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Article: Beautiful, yummy, and good for you too, cranberries are not just for Thanksgiving any more!: Hey

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Forum: Article: Beautiful, yummy, and good for you too, cranberries are not just for Thanksgiving any more!Replies: 26, Views: 84
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phicks
Lakeland, FL
(Zone 9b)

December 15, 2007
9:53 PM

Post #4298198

Carrie where in Mass did you grow up? I grew up in Hanson Mass the Home of Ocean Spray for the first 50 Years of its Operations I picked Cranberrys as a Kid with a Hand Scoop For Extra Money Paul

carrielamont

carrielamont
Milton, MA
(Zone 6a)

December 15, 2007
10:01 PM

Post #4298218

Oh, I grew up in Brookline, now I live in Milton, but my former SIL used to be bookkeeper for Ocean Spray; they lived in Pembroke. Was that before they invented those machines or for fresh sales? It's definitely one of those family-run, keep-the-kids-out-of-school-when-the-berries-need-picking type of crops. Hanson (except the AFB) is all malls and stuff now. :>( Avon is Ikea. Progress. xx, Carrie
phicks
Lakeland, FL
(Zone 9b)

December 15, 2007
10:56 PM

Post #4298354

before they used that machine pembroke is next to hanson i also know brookline

carrielamont

carrielamont
Milton, MA
(Zone 6a)

December 15, 2007
11:33 PM

Post #4298472

I know :>) So how is Florida treating you? Milton is not the place we the thought it would be when we moved here but it's just too much trouble to move and besides, there's our whole garden! x, C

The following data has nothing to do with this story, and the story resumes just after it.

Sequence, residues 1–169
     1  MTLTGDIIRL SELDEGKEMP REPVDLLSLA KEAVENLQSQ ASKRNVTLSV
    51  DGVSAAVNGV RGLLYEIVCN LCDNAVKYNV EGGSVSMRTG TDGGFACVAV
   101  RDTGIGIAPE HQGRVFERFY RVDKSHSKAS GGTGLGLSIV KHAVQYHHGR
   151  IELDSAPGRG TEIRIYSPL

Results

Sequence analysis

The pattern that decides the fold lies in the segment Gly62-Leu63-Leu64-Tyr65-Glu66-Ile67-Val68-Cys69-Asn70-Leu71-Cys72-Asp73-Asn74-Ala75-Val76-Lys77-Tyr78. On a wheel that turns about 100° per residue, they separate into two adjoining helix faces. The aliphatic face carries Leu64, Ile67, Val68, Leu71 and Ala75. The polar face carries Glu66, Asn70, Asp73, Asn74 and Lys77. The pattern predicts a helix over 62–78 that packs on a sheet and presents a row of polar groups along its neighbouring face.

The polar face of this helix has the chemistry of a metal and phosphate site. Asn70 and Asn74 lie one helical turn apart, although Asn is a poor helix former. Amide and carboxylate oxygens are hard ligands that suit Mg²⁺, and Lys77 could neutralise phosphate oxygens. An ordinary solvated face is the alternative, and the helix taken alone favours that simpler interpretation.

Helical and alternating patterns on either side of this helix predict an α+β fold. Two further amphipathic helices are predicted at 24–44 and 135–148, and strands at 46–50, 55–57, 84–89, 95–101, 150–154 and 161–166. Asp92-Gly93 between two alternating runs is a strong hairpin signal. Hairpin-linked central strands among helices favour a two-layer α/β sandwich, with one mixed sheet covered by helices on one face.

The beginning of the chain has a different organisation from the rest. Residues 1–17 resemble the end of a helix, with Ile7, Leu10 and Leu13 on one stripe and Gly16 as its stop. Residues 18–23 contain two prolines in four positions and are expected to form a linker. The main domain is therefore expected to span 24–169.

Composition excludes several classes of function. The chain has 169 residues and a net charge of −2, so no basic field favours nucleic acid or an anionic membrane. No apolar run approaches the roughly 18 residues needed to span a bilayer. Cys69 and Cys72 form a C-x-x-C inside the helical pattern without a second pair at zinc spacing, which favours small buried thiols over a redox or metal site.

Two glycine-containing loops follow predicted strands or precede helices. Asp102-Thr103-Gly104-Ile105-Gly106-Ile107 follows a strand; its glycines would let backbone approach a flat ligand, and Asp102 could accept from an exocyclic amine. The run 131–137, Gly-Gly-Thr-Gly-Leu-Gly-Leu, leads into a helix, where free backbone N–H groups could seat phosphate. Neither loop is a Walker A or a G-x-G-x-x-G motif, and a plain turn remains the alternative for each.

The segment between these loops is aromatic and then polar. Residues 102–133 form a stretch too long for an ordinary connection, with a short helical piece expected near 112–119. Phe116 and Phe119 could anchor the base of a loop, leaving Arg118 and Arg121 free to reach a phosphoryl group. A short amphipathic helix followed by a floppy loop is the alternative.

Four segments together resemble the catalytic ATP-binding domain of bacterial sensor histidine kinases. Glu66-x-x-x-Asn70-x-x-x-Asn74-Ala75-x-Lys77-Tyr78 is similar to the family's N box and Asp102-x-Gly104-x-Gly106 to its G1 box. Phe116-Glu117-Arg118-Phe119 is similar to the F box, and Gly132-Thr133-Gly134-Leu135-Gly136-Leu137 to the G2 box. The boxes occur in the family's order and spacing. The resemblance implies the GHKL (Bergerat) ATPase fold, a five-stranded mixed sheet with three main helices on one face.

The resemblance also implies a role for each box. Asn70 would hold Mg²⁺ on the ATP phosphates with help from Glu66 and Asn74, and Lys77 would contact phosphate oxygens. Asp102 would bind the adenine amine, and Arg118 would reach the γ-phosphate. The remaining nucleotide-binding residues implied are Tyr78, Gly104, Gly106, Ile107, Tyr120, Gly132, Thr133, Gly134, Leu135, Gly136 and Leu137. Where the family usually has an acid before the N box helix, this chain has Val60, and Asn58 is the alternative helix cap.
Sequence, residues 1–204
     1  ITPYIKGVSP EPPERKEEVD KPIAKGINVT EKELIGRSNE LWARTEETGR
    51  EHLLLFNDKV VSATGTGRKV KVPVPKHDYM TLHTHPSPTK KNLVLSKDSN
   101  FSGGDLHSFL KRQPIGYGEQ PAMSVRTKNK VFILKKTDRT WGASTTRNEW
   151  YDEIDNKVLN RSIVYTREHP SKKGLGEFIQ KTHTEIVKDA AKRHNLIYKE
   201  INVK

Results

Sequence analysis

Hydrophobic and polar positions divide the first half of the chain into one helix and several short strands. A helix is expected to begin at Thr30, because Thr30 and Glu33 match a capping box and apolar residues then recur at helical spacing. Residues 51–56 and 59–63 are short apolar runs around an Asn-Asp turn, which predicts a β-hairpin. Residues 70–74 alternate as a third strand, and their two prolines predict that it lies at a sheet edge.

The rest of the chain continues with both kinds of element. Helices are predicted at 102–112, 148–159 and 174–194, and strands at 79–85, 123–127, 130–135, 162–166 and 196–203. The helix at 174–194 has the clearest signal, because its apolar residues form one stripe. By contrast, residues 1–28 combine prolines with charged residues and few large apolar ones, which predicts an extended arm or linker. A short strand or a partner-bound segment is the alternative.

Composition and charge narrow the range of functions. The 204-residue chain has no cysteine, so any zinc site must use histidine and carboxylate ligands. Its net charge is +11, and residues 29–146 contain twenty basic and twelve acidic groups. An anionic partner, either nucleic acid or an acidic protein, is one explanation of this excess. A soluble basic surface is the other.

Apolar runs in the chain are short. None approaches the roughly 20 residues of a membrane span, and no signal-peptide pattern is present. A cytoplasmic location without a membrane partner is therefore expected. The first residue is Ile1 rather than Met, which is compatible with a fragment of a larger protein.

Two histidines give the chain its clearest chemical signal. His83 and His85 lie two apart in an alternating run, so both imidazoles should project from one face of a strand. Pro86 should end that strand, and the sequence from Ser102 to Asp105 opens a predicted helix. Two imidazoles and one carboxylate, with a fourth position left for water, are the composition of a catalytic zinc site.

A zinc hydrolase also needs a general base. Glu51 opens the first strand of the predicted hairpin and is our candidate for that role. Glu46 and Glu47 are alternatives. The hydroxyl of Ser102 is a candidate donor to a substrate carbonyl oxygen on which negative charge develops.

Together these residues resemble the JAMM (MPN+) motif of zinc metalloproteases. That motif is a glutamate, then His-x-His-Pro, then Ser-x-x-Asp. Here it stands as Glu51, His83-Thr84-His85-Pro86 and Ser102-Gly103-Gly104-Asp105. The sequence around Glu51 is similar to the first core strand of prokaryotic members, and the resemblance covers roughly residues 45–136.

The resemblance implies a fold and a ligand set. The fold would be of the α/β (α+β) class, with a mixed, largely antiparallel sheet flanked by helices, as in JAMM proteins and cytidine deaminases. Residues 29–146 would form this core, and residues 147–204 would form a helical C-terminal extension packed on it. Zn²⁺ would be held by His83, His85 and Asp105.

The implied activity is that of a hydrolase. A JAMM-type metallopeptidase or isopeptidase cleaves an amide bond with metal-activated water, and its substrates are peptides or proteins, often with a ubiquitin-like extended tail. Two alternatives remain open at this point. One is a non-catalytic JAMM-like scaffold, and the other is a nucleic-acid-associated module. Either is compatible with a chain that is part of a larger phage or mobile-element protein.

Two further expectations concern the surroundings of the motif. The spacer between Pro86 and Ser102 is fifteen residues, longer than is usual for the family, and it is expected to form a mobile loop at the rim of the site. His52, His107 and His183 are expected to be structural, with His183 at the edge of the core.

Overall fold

ceeadsalaskazone3
Seward, AK

December 16, 2007
12:13 AM

Post #4298604

Carrie, what a great article. When I got to the part about making nut bread with cranberries, I am reminded that we have a wild cranberry here in Alaska (vaccinium oxyoccos), which is also called "crane berry" for the flower which looks like a crane's bill. We harvest them with "comb rakes", a metal flat can with comb teeth which we comb lightly over the low growing ground cover, which conveniently has its berry just a little higher than the leaves. They grow along side the mossberry (empetrum nigrum),which we also collect with the berry rakes and use both in the nut breads.
Carol

carrielamont

carrielamont
Milton, MA
(Zone 6a)

December 16, 2007
12:43 AM

Post #4298679

Great - another North American native fruit! They didn't mention mossberries when they talked about native fruits. Carol, there are also all kinds of cranberry equivalents in Scandinavian countries, but I couldn't talk about them all, so I concentrated on the Pilgrim type of cranberries. Do you need to wash your berries? Are they in PlantFiles? Do you ever a] eat them raw or b] use them for decorations? x, C
phicks
Lakeland, FL
(Zone 9b)

December 16, 2007
1:25 AM

Post #4298805

floridas ok to hot tho

carrielamont

carrielamont
Milton, MA
(Zone 6a)

December 16, 2007
2:08 AM

Post #4298969

And no seasons. x, C
ceeadsalaskazone3
Seward, AK

December 16, 2007
6:42 AM

Post #4299734

The mossberries and cranberries are firm enough to wash, yes. Not like blueberry, where you lose too much juice. I make jelly out of both of them, but are too tart for me raw. I have made cranberry sauce like you get in cans, but it's too labor intensive for more than personal family use.
Carol

carrielamont

carrielamont
Milton, MA
(Zone 6a)

December 16, 2007
3:08 PM

Post #4300217

How about the whole-berry kind I made? It didn't take two minutes! Well, it took longer than that, but it only took one pot, and no sterilizing - somewhere, Irma Bombeck says 'cranberries are so acidic that they are naturally preserved,' but I couldn't find it when i went back! I gotta taste these mossberries.
xx, Carrie
phicks
Lakeland, FL
(Zone 9b)

December 16, 2007
3:24 PM

Post #4300261

back when the white man first came to mass the Wampanog indians called the cranbeerys Marshpeas thats where the name for the town of Mashpee came from my counsins are wampanog am half Mic Mac
ceeadsalaskazone3
Seward, AK

December 16, 2007
4:01 PM

Post #4300389

Carrie, always been a sauce girl, no whole berry sauce for me. Just different tastes for different people,